Like a true and trusted friend, Glenn Ayotte's old bowling ball always seems to be there waiting for him. The old ball is a 15-pound Hammer Vicious reactive resin ball that he bowled the full range of U.S. Bowling Congress honor scores with during the 2010-11 season - games of 298, 299 and 300 along with an 800 three-game series.
On Oct. 24, Ayotte gave up on another ball - his Storm Virtual Energy - after five games during a double shift of bowling at Country Lanes in Ishpeming in favor of the Vicious. Ayotte bowls six games regularly on Wednesdays, first with three games during the Superior Iron Range Federal Credit Union League followed up by another three in the Country Trio League.
The ball change paid dividends immediately. Putting the "new" ball into play for the last pair of shots in the 10th frame of his second game, those two shots served as practice balls for his final game of the night - a perfect 300.
It was his fourth sanctioned 300 and seventh overall during regular tournament and league conditions.
This latest 300 followed up games of 210 and 172 for a 682 series, which Ayotte seemed just a little chagrined that he didn't hit 700.
But considering that 600 wasn't in the cards if he didn't improve from game No. 2, his total doesn't look so bad.
And all the credit goes to his old "friend."
"The Vicious has about 1,000 games on it, and it goes longer down the lane," Ayotte explained to me. Going further before it starts its hook is important for his rather unusual two-handed style that he first employed regularly at about this time in 2009.
Like wildly successful pro bowler Jason Belmonte of Australia, Ayotte's ball has all the revolutions and all the hook that any bowler could ever want, ripping the pins off the lane as if they're empty cardboard toilet paper tubes, not the 3-pound pieces of wood they really are.
Successful two-handers usually throw the ball as hard as they can just to keep some semblance of control. Having the right ball - of which most of Ayotte's don't have a thumb hole drilled into it - sometimes doesn't matter. At other times, like that particular Wednesday, it made all the difference.
"I was getting over/under," he said about his Virtual Energy ball that caused a modern bowling phenomenon where the farther this righthander threw his ball to the right near the gutter, the more it ended up to the left. The reverse is usually true at the same time - the more you miss your target to the left, the farther the ball ends up to the right and light in the strike pocket.
You have to see it to believe it, since its goes against intuition, especially if you came up in the bowling ranks under traditional conditions like I did in the early 1970s. Some 20 years ago, I had to experience this over/under phenomenon repeatedly and then have it explained to me just so I'd understand it - actually so I'd believe it.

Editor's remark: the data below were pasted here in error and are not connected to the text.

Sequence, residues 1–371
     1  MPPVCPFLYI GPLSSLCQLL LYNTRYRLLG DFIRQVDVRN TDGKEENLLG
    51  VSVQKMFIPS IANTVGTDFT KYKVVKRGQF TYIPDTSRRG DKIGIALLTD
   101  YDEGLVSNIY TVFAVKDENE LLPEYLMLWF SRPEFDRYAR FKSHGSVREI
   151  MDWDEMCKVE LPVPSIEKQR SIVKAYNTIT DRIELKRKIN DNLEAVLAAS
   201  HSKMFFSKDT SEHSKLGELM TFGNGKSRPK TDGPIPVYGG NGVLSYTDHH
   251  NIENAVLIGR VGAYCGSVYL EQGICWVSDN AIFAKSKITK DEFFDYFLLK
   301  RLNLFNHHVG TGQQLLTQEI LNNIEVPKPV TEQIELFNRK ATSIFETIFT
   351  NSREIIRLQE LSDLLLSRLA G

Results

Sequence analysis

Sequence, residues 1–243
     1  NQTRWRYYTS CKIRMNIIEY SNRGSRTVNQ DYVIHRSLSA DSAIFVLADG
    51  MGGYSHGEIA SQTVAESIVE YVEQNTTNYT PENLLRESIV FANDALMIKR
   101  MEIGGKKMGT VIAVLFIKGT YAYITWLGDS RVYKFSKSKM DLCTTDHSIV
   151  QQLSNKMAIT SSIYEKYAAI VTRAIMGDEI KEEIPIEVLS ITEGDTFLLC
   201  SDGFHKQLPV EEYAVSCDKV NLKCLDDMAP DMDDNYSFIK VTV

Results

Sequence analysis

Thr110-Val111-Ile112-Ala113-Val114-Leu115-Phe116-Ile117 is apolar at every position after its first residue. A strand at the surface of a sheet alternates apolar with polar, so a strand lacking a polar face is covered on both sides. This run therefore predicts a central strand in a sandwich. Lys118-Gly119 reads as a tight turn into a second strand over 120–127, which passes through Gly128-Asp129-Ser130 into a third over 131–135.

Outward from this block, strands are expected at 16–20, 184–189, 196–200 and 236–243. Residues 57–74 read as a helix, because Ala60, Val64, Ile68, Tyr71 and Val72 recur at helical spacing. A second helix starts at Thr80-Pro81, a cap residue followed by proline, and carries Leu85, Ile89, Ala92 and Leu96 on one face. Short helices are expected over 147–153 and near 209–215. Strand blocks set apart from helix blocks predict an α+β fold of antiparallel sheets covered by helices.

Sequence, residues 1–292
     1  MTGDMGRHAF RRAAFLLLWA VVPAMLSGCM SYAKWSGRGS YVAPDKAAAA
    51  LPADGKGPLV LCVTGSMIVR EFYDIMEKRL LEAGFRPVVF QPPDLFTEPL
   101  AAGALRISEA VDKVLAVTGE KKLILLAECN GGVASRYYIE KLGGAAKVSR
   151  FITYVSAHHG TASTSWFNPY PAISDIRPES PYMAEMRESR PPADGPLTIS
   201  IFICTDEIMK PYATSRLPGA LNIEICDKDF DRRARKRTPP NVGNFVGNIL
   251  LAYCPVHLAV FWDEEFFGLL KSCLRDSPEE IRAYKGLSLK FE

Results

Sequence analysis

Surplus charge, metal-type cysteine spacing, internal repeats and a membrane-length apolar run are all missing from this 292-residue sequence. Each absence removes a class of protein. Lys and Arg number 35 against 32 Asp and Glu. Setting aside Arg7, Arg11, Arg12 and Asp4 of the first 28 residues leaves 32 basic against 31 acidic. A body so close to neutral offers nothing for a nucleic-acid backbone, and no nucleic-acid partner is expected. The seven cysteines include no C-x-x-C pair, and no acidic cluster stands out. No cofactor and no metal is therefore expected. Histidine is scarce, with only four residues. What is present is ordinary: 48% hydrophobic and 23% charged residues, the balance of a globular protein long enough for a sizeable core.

What you'd normally think is that if you miss your target to the left, the ball would end up to the left, which would happen if, say, you shot a free throw on the basketball court.
This opposite reaction occurs because of how reactive resin balls react to the "oil" conditioner on a lane. If they hit a slick spot, they literally hydroplane and go perfectly straight.
But if they hit a dry spot with little or no oil, the somewhat out-of-balance inner core will make the ball hook. If you throw it like Ayotte, the ball hooks immediately and usually pretty violently.
It's great for carrying all 10 pins for a strike when it works right, but can get ugly when it doesn't.
Ayotte said that unlike last season, when he carried multiple averages nearing 230, this year he's only had a couple series where all three of his games made it to 200. That's fine when you hit 300, like he did on Oct. 24, but that doesn't happen very often.
So he may have found something that will bring consistency back to his game.
Before I forget, and in place of this week's Mining Journal Bowlers of the Week, I wanted to publicize the area high schools' bowling team tryouts which are coming up this week or next for the winter season.
Marquette Senior High School head coach Hope Virch informed me that her boys and girls tryouts are coming up before deer season starts. If you need more information, contact your particular school's principal's office.
You don't have to have bowling experience, just an interest in the sport to try out.
Ishpeming and Negaunee high schools have combined for one school team for more than a decade, and just a couple years ago, Westwood formed its first team, though it's only ended up with a girls team the past two years. That could change with enough interest by the boys, from what I understand.
Steve Brownlee can be reached at 906-228-2500, ext. 246.